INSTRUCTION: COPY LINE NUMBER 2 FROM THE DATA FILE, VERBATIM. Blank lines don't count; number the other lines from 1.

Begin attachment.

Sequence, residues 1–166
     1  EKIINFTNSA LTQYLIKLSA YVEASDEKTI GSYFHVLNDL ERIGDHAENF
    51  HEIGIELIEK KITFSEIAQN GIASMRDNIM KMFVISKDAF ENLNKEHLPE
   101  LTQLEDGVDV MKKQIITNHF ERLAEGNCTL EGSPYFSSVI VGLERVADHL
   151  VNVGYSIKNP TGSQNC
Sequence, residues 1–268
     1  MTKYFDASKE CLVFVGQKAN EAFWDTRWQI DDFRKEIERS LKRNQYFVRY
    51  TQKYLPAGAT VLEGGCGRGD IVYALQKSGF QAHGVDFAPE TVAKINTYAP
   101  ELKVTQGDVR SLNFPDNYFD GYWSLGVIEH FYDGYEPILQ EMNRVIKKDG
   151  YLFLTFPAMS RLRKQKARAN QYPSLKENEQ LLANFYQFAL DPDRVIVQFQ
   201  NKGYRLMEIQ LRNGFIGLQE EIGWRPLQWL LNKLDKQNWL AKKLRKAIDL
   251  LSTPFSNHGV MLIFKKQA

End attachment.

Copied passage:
     1  EKIINFTNSA LTQYLIKLSA YVEASDEKTI GSYFHVLNDL ERIGDHAENF